[93] Toffler, A., Future Shock, Bantam Books, New York (1970).

[94] Gates, B., The Road Ahead, The Penguin Group, New York (1995).

[95] Negroponte, N., Being Digital, Hodder and Stoughton, Australia (1995).

[96] Moravec, H., Mind Children: the future of robot and human intelligence, Harvard University Press, Cambridge (1988).

[97] Moravec, H., Robot: mere machine to transcendent mind, Oxford University Press, Oxford (1999).

[98] Paul, G.S. & Cox, E.D. Beyond Humanity: cyberevolution and future minds, Charles River Media, Massachusetts (1996).

[99] Sorkin, D.L. & McClanahan, J. “Cochlear implant reimbursement cause for concern”, HealthyHearing, http://www.healthyhearing.com/healthyhearing/ newroot/articles/arc_disp.asp?id=147&catid=1055, [Accessed 3 May 2004], pp. 1-4 (2004).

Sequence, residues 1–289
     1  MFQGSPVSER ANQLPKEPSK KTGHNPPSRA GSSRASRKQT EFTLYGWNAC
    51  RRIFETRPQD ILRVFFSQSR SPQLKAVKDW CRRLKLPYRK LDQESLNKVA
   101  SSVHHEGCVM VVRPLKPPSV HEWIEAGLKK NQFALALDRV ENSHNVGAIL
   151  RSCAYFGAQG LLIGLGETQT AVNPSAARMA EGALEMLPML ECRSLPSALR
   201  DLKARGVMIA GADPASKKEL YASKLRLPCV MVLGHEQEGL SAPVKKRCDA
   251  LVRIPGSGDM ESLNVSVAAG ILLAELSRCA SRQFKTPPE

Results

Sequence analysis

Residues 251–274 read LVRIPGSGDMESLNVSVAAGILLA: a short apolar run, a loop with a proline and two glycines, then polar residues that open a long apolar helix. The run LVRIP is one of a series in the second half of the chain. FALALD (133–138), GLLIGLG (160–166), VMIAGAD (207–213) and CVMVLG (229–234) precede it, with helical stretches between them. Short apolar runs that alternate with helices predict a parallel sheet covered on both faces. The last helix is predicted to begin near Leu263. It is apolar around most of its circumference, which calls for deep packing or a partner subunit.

[100] Weber, D.O., “Me, myself, my implants, my micro-processors and I”, Software Development Magazine, http://www.sdmagazine.com/print/ documentID=11149, [Accessed 29 November 2001], pp. 1-6 (2000).

[101] Maybury, M.T., “The mind matters: artificial intelligence and its societal implications”, IEEE Technology and Society Magazine, June/July, pp. 7-15 (1990).

[102] Bijker, W.E. & Law, J. (eds), Shaping Technology/Building Society: studies in sociotechnical change, The MIT Press, Massachusetts (1992).

[103] Pool, R. Beyond Engineering: how society shapes technology, Oxford University Press, New York (1997).

[104] Hristodoulou, M. Hieromonk, “In the last days”, in Geron Paisios, Mount Athos, Greece, (in Greek), pp. 181-192 (1994).